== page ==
Mary: Please don’t buy followers. Publishers have been burned, so they’re looking more at your engagement numbers.
If you bought 100,000 Instagram followers and your engagement rate is 0.08%, they’ll know you bought a bunch of robots and will not be impressed. It actually makes you look bad.
You have to grow your presence organically. Everyone gets mad when I say that because it’s hard, it takes time, and people don’t know how to do it.
Organically growing your audience means knowing your audience’s needs and wants like the back of your hand and blessing the heck out of those people.
The more I love, help, enable, empower, and wow my audience on Instagram, the more my platform grows. It’s slow, but it’s real. I’ve got great engagement.
Thomas: You still look at social media numbers before signing an author because you’re pitching to publishers who take social media numbers into account.
I thought publishers were looking for email list numbers closer to 10,000 or 15,000.
Mary: Yes. When I say 50,000 across all platforms, that includes your email list. Most writers have an email list of 1,000 subscribers, but it’s really helpful if you can get 10,000 email subscribers.
Thomas: Your number of email subscribers is the most impressive and important. If you can’t convince thousands of your social media followers to sign up for your email list, you won’t be able to convince them to buy your book. Savvy publishers know that.
The other number a publisher may consider valuable is your number of podcast subscriptions. A podcast subscription is like an email subscription in that episodes go automatically and directly to the listener.
But social networks put an algorithm between the creators and the content consumers. You can’t guarantee that your post will get through the algorithm. You might get great engagement when you post encouraging Bible verses, but when you say, “Hey, buy my book,” your followers may not even see your post.
Why do agents represent only certain genres?
Thomas: Most agents focus on specific genres, like science fiction or romance. Why is that important?
Is it better to go with a specialist or a generalist?
Mary: It helps to go with a specialist, especially in fiction.
For example, I know 0% about science fiction. I would be a terrible agent for sci-fi because I don’t read the genre. It helps to have an agent who gets you and understands your genre.
For nonfiction, I have a wide variety of writers, from a magician to someone writing about grief.
If you’re writing nonfiction, your agent needs to feel so deeply connected to your project that they jump up and down. When I placed a project this week, I literally jumped up and down. I was so excited about the book and could not wait to call my client.
Thomas: You can’t sell a product you don’t believe in. An agent must believe in your book if they want to sell it to a publisher. Their belief and enthusiasm are contagious, and if a publisher trusts your agent, they’ll become enthusiastic enough to publish your book.
If your agent just sold the publisher the last biggest hit, the publisher will be very interested in the next project the agent proposes.
Keep in mind there is a trade-off between beginning and seasoned agents. New agents are easier to get, but they have little to no track record with publishers. Established agents have a track record, but they’re harder to get because they already have clients.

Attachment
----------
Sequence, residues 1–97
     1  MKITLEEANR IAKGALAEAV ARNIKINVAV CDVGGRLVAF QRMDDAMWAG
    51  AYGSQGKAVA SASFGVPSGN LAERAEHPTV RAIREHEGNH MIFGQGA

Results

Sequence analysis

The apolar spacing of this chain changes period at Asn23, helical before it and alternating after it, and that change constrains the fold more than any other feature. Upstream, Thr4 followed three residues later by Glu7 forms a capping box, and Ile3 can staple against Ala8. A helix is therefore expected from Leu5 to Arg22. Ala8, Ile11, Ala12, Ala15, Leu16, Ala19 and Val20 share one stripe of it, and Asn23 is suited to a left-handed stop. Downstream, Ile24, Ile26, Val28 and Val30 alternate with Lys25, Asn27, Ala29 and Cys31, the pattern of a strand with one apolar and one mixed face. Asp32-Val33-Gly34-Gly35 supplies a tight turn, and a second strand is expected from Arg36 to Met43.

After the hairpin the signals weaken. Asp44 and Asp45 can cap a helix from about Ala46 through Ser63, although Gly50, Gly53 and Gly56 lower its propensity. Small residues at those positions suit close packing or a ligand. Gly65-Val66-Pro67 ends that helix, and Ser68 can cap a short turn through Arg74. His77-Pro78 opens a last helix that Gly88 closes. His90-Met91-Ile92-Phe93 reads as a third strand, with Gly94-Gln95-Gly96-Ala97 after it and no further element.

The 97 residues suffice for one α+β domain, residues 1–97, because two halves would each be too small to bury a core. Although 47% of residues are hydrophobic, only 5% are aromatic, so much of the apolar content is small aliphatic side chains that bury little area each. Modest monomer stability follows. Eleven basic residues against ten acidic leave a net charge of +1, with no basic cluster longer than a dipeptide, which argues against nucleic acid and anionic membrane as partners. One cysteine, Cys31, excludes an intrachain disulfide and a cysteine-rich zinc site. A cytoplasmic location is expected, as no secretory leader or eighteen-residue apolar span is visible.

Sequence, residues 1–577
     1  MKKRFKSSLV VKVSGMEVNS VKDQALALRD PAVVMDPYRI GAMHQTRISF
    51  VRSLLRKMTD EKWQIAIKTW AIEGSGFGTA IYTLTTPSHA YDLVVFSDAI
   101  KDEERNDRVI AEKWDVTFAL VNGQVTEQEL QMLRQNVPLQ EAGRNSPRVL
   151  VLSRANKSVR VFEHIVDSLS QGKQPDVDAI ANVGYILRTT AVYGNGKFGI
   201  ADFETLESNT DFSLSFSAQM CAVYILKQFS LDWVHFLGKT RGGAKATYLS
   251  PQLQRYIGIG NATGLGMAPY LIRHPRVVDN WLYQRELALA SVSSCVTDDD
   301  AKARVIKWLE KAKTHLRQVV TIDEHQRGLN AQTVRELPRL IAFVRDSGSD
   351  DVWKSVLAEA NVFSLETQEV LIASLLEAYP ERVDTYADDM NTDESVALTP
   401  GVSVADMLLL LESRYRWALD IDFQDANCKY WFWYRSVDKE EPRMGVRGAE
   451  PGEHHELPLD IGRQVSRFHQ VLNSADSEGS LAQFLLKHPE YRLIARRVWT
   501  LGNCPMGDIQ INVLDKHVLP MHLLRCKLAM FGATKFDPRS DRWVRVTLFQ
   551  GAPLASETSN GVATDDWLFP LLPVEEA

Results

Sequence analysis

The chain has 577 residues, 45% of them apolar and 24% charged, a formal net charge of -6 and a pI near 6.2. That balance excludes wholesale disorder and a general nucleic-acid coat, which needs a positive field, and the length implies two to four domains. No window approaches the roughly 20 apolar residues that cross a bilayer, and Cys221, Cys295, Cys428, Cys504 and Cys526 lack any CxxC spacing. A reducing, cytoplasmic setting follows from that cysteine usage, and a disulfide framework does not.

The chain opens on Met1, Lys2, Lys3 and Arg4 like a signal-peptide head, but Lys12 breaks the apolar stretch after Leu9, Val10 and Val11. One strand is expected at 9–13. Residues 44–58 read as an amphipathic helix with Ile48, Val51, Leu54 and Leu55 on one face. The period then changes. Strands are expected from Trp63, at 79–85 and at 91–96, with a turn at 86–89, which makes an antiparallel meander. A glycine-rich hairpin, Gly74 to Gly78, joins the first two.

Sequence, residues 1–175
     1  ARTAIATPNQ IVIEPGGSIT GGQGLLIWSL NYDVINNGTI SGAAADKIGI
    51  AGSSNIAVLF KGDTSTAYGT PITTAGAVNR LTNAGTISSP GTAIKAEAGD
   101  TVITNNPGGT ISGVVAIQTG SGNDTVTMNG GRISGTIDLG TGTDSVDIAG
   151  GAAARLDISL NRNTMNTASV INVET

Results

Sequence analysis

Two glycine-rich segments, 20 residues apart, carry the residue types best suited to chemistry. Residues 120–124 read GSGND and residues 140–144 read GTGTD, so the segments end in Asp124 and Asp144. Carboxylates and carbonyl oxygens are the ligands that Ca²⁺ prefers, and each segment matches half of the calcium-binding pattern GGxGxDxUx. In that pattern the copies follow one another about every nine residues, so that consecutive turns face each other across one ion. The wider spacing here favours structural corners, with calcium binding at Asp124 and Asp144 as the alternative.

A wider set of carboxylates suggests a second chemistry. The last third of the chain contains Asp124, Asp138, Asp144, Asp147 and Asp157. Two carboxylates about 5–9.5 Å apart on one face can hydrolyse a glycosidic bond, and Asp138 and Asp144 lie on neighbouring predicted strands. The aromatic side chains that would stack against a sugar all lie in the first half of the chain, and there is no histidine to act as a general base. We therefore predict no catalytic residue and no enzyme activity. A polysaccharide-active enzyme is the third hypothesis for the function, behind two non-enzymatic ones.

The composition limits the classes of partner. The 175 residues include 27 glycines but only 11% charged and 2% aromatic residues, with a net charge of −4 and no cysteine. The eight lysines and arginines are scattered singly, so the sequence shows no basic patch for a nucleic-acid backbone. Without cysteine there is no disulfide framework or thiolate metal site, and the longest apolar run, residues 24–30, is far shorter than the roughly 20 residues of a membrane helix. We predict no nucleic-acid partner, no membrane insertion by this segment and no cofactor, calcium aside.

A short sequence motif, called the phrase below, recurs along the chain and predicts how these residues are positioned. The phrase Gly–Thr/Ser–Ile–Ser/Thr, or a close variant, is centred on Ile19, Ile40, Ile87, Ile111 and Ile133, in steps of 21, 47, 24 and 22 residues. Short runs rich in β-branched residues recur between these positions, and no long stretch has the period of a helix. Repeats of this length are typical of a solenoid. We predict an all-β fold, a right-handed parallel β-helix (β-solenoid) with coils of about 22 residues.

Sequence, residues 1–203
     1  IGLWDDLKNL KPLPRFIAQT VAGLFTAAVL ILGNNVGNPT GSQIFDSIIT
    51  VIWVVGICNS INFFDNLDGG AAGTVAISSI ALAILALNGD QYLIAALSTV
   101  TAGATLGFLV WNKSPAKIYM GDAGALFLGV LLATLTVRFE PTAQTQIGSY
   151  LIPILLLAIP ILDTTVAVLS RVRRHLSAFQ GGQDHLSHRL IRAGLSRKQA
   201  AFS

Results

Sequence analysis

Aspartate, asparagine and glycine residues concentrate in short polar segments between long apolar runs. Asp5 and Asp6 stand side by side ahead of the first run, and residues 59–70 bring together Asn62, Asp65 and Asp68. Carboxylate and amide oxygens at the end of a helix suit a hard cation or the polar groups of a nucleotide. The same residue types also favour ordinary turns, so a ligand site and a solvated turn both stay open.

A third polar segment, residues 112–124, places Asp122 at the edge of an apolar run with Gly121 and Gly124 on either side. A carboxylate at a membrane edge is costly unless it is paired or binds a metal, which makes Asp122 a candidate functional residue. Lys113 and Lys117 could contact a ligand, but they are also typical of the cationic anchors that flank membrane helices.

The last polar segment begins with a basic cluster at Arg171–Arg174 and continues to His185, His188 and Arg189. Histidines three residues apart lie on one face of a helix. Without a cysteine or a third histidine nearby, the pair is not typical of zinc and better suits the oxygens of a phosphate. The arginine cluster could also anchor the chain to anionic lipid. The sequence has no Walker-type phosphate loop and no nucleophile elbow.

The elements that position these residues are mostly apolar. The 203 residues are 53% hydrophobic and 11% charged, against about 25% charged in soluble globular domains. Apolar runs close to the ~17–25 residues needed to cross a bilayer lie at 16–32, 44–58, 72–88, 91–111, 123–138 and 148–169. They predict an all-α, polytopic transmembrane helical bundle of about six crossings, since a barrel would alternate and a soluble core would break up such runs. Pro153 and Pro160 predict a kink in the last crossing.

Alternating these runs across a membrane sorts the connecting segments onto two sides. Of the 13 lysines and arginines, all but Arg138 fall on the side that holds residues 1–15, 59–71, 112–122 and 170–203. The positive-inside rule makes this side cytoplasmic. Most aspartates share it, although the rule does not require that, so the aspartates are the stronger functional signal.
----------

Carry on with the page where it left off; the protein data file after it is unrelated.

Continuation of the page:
How do I contact a literary agent?
Mary: Every agency usually has a portal where you can submit your query. At Mary DeMuth Literary, we have a submission field on our home page that goes to query@MaryDeMuthLiterary.com. Those go into the query slush pile where my assistant receives them.
You need to write a great, compelling, informational query letter.
My specialty is nonfiction, so I want to know your platform numbers upfront. My assistant and I don’t want to dig through your proposal to figure it out.
In your query letter, be honest and tell us your platform numbers, and then give a couple of compelling sentences about your book.
I just sent a proposal to 16 publishers that included quotes from people my client knew who said, “I wish there was a book like this. I would buy five for my friends and 20 for my family.”
Her topic is unique, and not much has been written on it. I’ve already received positive feedback from publishers about it. In your query letter, include any social proof that shows the market’s need for a super helpful book.
Thomas: Everybody is looking for evidence that your book is good, so offering social proof is critical.
On my first day as an agent, I received two pitches, and I replied with two custom rejection letters. But within a week, I was getting 30 pitches per day. I didn’t have time to write a custom rejection letter for each person, so I created a boilerplate rejection letter for three types of rejections: Nice No, Regular No, and Heck No.
I mainly rejected pitches because the author was a bad fit for me. They didn’t bother to read what kind of proposal I was looking for.
Every agent’s website lists what they’re looking for. You can save yourself a lot of time by finding out what they represent.
If they don’t represent memoir, they won’t represent yours even if it’s fantastic. They won’t make an exception for you, and you’re just wasting your time and theirs if you ask.
The market guides may have a blurb by the agent outlining what they’re looking for, but the agent’s website often has more information.
In addition, every agency has a process for submission. Some agencies like paper submissions and others don’t. Many agencies have a form you can fill out on their websites or an email address where you can send your query.